June 25, 1990
The unit definition of restriction enzyme activity is based on the amount of enzyme required to cut bacteriophage lambda DNA to completion in one hour's time. Assays developed by the manufacturer of the enzymes are most likely done using highly purified DNA (i. e. plasmids or lambda phage DNA) as substrate, and assay conditions that produce the best results with their particular preparation. Often the laboratory conditions are not as ideal, and a slight excess of enzyme or a longer incubation period is used to help ensure complete digestion. There are many 'universal' enzyme buffers which will work with a variety of enzymes, but often they do not meet the most efficient requirements for any one enzyme. Because the universal buffers are not as efficient, we do not recommend their routine use in the lab (especially for complex genomic DNAs; digests of complex genomic DNAs are usually at high DNA concentrations which will inhibit the enzyme; also, the relatively crude DNA preps may contain inhibitors which requires more units enzyme ard longer incubation times for complete digestion). It is always best to use the manufacturer's recommended assay conditions for restricition digestion. Some manufacturers have cloned enzymes which have very different requirements from other versions of the same enzyme, so check before using. Enzyme concentrations are always given on the side of the enzyme tube. Restriction enzymes used in the lab are always stored at -20 degrees C (in a glycerol base), and should be kept as close to -20 degrees C as possible to extend the life of the enzyme. When setting up digests, bring the reaction tube to the enzyme freezer in an ice bucket; remove the enzyme tube from the freezer and keep the tube on ice while working with the enzyme. Immediately return the tube to the freezer when finished. Use the pipetmen designated for restriction enzymes only and always use a fresh pipetman tip when removing enzyme from the stock tube.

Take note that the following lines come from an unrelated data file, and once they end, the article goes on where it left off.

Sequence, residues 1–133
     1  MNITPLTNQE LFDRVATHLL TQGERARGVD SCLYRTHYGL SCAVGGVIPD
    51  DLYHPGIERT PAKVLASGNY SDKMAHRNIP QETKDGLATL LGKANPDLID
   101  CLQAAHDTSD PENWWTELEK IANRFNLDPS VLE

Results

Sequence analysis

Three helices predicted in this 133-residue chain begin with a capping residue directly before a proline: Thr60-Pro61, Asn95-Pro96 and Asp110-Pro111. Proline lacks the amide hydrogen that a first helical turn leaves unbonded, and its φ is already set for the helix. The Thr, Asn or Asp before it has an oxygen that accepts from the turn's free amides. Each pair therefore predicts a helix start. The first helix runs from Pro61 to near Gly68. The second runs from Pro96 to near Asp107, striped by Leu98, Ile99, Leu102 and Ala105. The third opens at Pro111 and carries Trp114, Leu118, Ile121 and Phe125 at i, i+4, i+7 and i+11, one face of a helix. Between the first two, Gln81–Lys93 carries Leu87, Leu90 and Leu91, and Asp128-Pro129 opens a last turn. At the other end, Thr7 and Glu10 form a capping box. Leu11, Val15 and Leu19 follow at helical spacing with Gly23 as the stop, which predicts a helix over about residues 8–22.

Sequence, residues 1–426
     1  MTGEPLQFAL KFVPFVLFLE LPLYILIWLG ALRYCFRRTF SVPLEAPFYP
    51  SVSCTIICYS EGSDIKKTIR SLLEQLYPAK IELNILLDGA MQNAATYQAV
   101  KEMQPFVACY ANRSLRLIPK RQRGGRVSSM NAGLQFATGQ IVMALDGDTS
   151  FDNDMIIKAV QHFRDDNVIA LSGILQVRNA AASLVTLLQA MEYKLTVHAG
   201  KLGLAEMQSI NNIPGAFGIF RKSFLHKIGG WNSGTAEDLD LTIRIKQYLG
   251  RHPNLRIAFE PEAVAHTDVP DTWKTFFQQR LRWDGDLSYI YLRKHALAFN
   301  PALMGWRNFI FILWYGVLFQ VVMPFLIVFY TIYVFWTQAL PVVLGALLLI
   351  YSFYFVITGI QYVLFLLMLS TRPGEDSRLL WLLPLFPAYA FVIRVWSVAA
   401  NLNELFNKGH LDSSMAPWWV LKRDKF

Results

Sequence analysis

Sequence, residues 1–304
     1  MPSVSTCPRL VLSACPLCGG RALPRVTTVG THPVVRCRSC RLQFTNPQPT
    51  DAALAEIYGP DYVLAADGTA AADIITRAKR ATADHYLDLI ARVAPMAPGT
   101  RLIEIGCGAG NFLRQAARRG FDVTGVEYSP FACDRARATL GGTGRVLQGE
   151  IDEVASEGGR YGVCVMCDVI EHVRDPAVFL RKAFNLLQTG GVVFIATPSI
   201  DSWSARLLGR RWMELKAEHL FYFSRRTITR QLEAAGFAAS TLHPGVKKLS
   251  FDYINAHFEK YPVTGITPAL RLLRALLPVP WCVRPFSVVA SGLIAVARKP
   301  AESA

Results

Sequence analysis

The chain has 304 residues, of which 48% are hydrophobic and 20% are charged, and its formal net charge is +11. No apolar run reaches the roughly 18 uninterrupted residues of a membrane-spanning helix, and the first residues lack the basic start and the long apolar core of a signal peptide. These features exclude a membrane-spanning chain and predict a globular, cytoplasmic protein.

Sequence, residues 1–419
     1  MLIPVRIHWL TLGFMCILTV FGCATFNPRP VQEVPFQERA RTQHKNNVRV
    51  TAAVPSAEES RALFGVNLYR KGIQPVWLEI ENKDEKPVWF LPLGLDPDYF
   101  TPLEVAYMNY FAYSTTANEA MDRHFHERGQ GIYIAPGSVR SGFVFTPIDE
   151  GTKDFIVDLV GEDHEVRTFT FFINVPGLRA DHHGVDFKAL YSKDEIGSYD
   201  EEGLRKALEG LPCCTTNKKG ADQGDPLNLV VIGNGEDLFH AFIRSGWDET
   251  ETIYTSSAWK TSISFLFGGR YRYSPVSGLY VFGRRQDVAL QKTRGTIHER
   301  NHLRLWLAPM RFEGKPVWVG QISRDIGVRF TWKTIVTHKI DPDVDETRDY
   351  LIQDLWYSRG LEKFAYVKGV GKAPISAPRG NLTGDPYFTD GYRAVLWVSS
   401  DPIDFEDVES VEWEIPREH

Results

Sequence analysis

The lab has prepared enzyme buffer stocks. Check the requirements of the enzyme and use the appropriate buffer. Nearly all the manufacturers of enzyme now supply buffers with the enzyme, and these can be found in the enzyme freezer. Never make up a digest having the enzyme as more than 1/10 the final volume; the glycerol will inhibit at higher concentrations. Always set up a control digest when using an enzyme. Use a substrate DNA which has known sites for the enzyme so that you can compare the control result to the expected pattern of fragments on an agarose gel. If preparing double enzyme digests, check the salt content of the buffers and use the enzyme with the lower salt requirements first, then adjust the reaction tube's salt concentration and digest with the second enzyme. Impurities present in some human DNA preparations may inhibit restriction digestion. If you cannot obtain complete digestion after adding additional enzyme, set up another digest and add spermidine to a final concentration in the digest of 2 mM.
Sambrook, J., Fritsch, E.F., and T. Maniatis.(1989) Molecular Cloning, A Laboratory Manual. Second edition. Cold Spring Harbor Laboratory Press. pp 5.3- 5.32.